Iran: New call for investigation into torture of student demonstrators

In March 2000, in letters from Tehran’s Evin prison sent to the Head of Judiciary – printed by local newspapers – Akbar Mohammadi stated that he had been ill treated while in custody. He claimed to have been “violently beaten”, suspended by his arms, and whipped on the soles of his feet with electric cables. Prison guards reportedly beat him until he was on the point of losing consciousness, saying that all he had to do was blink to accept the charges [relating to national security] made against him. Another student, Ahmad Batebi, wrote that soldiers bound his hands to plumbing pipes, beat his head and abdominal area with soldiers’ shoes, and held him under a drain full of excrement for so long that he was unable to breathe.

To Amnesty International’s knowledge, no open, independent investigation has ever been conducted into the allegations of ill-treatment and torture made by Akbar Mohammadi, Ahmad Batebi or any of the students detained in July 1999. Some were later granted asylum in European countries, where they received treatment for a range of tortures, including rape with various objects.

Amnesty International renews its call to Iran’s judiciary to:

  • Conduct an open and independent enquiry into allegations of torture carried out on Akbar Mohammadi, Ahmad Batebi and other students during the events of 18 Tir ;
  • Bring to justice anyone found responsible for torture and ill-treatment of Akbar Mohammadi, Ahmad Batebi and other detainees;
  • Carry out a judicial review of the case of Akbar Mohammadi and others arrested in connection with the demonstrations;
  • Immediately release all those found to have been imprisoned solely for the expression of their conscientiously held beliefs.


In early July 1999, a small number of students in Tehran gathered to protest against increasing restrictions on freedom of expression. Following the forced closure of the newspaper Salam (Hello) on 7 July, demonstrations swelled into the hundreds. As the days passed, exchanges with security forces became increasingly angry. On 8 July, peaceful demonstrators were attacked by members of the organisation Ansar-e Hezbollah, a semi-official body that opposes political dissent. Security forces at the scene reportedly failed to intervene to protect the students.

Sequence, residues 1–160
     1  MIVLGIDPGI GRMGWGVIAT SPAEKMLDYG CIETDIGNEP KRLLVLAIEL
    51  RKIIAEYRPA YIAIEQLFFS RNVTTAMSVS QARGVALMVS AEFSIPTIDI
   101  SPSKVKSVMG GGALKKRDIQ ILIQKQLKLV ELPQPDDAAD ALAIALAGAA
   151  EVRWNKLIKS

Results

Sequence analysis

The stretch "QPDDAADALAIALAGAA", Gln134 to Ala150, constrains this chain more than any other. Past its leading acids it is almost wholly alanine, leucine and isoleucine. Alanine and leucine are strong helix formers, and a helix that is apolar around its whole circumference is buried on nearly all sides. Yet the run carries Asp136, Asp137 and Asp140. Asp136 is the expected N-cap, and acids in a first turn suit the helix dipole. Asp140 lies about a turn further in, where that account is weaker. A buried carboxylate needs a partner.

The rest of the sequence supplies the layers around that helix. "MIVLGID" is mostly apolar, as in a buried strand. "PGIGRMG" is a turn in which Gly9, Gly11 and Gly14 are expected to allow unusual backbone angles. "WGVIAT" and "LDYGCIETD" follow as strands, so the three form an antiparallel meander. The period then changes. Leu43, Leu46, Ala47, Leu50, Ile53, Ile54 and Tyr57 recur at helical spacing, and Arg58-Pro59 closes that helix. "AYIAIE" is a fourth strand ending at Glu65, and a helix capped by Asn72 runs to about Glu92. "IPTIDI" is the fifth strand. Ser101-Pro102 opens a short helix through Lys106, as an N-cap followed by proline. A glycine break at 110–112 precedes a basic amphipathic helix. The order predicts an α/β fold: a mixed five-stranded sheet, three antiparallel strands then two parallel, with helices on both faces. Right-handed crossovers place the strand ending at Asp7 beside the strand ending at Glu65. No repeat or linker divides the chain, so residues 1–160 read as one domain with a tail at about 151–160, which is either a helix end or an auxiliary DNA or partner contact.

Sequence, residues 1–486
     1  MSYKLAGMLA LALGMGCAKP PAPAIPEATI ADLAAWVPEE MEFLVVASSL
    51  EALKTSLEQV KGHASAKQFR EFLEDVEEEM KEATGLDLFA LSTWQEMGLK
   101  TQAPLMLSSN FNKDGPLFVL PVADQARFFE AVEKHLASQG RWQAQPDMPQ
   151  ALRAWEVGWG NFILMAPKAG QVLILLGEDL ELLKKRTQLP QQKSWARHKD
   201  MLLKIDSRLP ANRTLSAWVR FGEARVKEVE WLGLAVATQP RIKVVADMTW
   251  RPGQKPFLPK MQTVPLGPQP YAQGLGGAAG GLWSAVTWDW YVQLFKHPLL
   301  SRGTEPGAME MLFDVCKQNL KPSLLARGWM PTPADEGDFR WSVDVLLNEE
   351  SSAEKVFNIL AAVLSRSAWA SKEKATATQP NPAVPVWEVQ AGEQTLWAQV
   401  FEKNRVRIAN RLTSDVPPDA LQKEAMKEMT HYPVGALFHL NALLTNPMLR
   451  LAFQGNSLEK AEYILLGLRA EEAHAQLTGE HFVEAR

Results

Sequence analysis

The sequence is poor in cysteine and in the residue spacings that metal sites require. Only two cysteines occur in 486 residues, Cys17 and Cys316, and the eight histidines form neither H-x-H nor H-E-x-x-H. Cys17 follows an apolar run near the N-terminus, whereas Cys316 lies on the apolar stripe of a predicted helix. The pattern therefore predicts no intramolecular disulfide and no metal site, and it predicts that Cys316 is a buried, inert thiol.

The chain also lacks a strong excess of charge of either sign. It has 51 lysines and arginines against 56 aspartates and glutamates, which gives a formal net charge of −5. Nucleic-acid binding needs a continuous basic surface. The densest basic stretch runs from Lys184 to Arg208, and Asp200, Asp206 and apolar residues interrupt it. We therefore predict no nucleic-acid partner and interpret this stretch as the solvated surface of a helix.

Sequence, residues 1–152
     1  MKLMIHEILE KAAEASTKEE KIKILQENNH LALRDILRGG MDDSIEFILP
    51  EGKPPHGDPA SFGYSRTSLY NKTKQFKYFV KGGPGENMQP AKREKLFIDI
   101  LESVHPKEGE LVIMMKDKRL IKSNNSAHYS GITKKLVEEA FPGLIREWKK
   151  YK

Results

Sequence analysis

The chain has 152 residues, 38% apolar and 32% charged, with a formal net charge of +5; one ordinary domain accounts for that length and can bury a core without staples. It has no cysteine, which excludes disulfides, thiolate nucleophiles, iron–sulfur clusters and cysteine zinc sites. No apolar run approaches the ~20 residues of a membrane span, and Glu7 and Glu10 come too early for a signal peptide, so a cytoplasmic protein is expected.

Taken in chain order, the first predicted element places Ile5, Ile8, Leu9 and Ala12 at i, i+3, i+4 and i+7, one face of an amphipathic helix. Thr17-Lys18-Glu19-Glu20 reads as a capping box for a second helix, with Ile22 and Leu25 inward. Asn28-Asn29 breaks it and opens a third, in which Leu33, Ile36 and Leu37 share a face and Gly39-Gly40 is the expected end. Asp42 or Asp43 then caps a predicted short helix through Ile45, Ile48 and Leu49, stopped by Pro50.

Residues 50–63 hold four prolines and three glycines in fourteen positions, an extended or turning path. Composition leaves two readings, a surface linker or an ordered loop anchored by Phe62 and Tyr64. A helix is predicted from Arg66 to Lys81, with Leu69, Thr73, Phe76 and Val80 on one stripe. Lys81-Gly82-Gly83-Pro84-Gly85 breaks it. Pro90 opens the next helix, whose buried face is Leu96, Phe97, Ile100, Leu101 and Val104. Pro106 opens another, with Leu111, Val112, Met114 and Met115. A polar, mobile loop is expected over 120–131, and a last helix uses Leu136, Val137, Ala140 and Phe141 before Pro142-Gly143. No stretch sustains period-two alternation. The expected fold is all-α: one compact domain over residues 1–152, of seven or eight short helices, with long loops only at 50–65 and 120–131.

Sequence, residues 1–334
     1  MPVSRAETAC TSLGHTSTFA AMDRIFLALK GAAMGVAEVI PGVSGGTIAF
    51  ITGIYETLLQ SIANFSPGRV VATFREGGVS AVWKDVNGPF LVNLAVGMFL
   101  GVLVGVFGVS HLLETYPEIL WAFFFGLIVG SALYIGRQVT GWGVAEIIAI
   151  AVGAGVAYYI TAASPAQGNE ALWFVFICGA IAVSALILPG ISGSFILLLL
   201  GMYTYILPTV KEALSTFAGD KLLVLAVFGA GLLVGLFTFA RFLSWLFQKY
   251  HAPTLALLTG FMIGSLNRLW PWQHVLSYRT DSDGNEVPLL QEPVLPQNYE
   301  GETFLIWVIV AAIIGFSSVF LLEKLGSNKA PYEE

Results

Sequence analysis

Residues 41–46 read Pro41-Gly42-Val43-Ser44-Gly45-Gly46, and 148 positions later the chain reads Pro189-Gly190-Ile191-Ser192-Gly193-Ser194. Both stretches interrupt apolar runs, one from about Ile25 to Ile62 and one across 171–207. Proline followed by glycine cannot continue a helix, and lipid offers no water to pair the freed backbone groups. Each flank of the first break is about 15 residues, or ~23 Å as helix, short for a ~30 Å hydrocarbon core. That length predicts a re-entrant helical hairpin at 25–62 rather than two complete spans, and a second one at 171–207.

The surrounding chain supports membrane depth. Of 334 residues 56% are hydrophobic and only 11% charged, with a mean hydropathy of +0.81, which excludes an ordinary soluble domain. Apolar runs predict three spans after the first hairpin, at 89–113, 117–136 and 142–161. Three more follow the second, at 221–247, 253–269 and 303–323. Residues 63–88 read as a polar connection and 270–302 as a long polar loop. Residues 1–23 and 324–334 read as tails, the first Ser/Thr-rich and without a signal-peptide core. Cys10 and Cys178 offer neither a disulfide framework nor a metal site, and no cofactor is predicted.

In the following days the size and nature of the demonstrations changed dramatically, leading to an escalation in violence. Despite calls for calm from some student leaders, and an official ban on demonstrations in Tehran, demonstrations continued and spread to other towns and cities. Hundreds of people were arrested throughout the country, most of whom were held without charge or trial. Dozens faced torture and ill treatment in incommunicado detention, followed by manifestly unfair trials and imprisonment.

The unrest was also marked by a raid carried out by plain-clothed members of the Ansar-e Hezbollah and members of the security forces on the student dormitories. This resulted in the killing of Ezzat Ebrahim Nejat. The attack was strongly condemned by both President Khatami and the Supreme Leader Ayatollah Khamenei and two senior police officers were later arrested and removed from their positions following an official investigation. No one associated with the Ansar-e Hezbollah was charged in connection with the raid or the death of Ezzat Ebrahim Nejat.

Iranian NGOs, such as the Association of Human Rights Defenders (AHRD) have repeatedly called for an investigation into the raid on the dormitories and killing of Ezzat Ebrahim Nejat, and for the perpetrators to be brought to justice. Their calls have gone unheeded.

Amnesty International has been campaigning on behalf of students who have been convicted and imprisoned after trials which failed to meet international fair trial standards. The organisation has also been calling for the investigation of allegations of torture made by the prisoners and for those found responsible for the torture to be brought to justice.

Amnesty International members are writing appeals to the Iranian authorities, on behalf of imprisoned student Akbar Mohammadi. Akbar is in Evin prison serving a fifteen-year prison sentence. He is reported to be suffering from serious health problems, for which medical treatment has been delayed and in some instances denied.

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